In a kindergarten classroom at Saint Maria Goretti Catholic School on Monday, nine students sit at desks all spaced 6 feet apart, facing forward. Some are surrounded by plastic dividers.
A large white screen displays the faces of six of their classmates who are learning from home on Zoom.
“Five, four, three, two, one; show me your boards everybody. What did you draw?” says teacher Heather Hernandez, as students hold up drawings on individual white boards.
Hernandez, in a blue checkered mask, keeps her distance as she inspects each one. Every two hours, Principal Kathleen Hernandez’s voice sounds over the intercom reminding teachers to sanitize surfaces.
For students retuning to classrooms in the coronavirus pandemic, it’s a new world of masks, hand-washing stations, plexiglass dividers, personalized toys and strict social distancing.
On Monday, Saint Maria Goretti in East Long Beach was the first school in the city to reopen for in-person classes after going through a waiver-application process. It was also the first Catholic school in Los Angeles County to reopen for in-class instruction.
The Los Angeles County Board of Supervisors in September voted to allow waivers for a limited number of schools to bring back students in pre-kindergarten through second grade. Waivers are offered for up to 30 schools per week, prioritizing those with the highest number of low-income students who receive free or reduced-price school lunches. Soon after the supervisors’ vote, Long Beach’s health department also started accepting applications from schools that wanted young students back in the classroom.
Other local schools that have been approved to reopen for TK through second grade include Bethany Lutheran, Los Altos Brethren and Los Altos Grace, and Maple Village Waldorf.
Saint Maria Goretti, a small school of 166 students from kindergarten to eighth grade, was approved last week to reopen for 69 students spread out among six classes.
Kathleen Hernandez, the principal, said she was the first to apply for a waiver because she felt the school’s small size would make it easier to follow the strict health orders.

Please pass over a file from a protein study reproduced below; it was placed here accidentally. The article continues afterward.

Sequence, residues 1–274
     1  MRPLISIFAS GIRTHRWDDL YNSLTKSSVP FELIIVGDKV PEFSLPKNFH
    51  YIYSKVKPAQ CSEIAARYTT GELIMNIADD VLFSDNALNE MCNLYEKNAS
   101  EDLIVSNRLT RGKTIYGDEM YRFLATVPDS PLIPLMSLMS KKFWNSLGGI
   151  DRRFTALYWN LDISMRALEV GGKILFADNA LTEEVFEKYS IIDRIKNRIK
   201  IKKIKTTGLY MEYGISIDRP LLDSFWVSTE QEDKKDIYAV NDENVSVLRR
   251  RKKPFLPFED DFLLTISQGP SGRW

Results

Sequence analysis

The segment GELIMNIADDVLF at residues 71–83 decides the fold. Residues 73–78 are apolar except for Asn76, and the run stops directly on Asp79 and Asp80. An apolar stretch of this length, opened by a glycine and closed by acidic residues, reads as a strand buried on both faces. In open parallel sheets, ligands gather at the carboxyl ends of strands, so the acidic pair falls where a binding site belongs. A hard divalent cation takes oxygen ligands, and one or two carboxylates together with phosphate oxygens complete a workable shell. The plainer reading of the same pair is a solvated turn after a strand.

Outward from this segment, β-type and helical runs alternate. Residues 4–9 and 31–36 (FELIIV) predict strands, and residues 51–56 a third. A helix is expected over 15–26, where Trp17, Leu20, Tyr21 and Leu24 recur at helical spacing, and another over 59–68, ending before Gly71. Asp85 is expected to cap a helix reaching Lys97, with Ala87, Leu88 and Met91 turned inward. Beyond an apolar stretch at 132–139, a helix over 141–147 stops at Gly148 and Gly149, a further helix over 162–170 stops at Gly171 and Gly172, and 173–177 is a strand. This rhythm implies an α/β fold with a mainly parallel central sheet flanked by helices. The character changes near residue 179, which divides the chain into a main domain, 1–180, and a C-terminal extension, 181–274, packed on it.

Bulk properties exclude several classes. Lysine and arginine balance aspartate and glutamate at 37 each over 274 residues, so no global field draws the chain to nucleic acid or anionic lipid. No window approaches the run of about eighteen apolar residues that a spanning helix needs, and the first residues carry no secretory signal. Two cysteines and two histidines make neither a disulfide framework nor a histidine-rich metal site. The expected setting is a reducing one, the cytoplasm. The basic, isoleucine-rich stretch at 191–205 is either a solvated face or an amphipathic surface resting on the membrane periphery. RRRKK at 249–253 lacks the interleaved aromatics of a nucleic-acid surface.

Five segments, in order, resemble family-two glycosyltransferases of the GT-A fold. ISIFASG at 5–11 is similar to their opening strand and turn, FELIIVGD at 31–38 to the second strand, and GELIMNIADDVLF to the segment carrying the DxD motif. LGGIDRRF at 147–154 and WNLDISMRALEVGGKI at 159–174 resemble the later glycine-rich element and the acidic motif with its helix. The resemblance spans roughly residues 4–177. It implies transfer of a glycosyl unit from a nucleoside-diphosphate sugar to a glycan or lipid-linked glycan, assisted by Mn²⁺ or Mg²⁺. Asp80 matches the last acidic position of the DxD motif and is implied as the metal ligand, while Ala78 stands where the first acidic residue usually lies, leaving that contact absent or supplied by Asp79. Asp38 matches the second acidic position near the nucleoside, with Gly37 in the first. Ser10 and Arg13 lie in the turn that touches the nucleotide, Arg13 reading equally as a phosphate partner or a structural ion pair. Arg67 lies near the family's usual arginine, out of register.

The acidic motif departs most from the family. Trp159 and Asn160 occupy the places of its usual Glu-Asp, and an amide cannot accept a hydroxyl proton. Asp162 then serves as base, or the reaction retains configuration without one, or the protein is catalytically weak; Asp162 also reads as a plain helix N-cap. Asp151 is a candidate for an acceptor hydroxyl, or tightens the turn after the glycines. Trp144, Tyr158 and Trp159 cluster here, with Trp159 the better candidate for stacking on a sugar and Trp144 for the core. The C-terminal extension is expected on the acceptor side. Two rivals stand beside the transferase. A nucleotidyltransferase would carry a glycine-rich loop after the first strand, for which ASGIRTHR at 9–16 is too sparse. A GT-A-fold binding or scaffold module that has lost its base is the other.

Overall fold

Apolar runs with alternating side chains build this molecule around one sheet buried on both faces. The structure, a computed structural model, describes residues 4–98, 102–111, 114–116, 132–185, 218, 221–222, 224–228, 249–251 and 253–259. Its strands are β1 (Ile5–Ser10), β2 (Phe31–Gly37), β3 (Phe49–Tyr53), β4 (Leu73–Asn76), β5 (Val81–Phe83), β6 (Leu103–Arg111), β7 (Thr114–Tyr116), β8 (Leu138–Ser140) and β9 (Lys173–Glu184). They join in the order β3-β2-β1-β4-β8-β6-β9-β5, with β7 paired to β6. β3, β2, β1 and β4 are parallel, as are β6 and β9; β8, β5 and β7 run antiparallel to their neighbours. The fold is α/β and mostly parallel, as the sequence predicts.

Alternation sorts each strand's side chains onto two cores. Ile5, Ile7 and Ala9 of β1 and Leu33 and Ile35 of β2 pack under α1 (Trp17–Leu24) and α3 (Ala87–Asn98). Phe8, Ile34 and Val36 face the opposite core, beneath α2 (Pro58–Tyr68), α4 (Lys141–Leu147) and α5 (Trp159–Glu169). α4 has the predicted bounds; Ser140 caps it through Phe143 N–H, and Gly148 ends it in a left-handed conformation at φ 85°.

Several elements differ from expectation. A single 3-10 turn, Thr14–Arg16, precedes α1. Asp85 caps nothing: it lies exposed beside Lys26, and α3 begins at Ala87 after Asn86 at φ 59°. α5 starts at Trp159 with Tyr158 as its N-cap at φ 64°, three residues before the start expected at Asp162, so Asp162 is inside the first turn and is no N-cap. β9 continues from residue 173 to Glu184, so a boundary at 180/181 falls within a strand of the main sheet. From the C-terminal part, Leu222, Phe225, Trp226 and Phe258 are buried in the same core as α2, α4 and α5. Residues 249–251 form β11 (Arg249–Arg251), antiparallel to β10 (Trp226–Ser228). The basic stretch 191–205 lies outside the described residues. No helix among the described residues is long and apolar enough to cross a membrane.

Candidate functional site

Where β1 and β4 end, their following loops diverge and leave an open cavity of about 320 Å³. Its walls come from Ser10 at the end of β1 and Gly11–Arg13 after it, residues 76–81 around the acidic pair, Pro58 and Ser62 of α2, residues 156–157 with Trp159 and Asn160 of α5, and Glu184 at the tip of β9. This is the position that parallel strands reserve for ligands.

Kathleen Hernandez said she’s hopeful things will run smoothly for the rest of the semester.
“I’m optimistic and I’m also nervous, because we can be as diligent as possible but the virus is still out there and it’s not going away,” she said. “You never want to be the first one to open and then first one to close. My hope is that we can all stay safe and healthy.”
Among the major changes, the school now has social distancing markers with the school emblem throughout the campus. Most students have transparent partitions on desks, and all are required to wear masks and have their temperature taken before stepping on campus.
Students can no longer share toys or school supplies and must keep their distance at recess. The school used federal coronavirus relief aid to pay for several hand-washing stations.
While other schools have seen pushback from teachers concerned about returning to in-class instruction, Kathleen Hernandez said her teachers were eager to come back. Teachers are required to be tested for COVID-19 each month.
A few hours into the first day of school Monday, things were running smoothly, Kathleen Hernandez said. For some kindergarteners, it was their first time in a classroom after starting the first half of the school year on Zoom.
“So far, nobody has cried,” she said.
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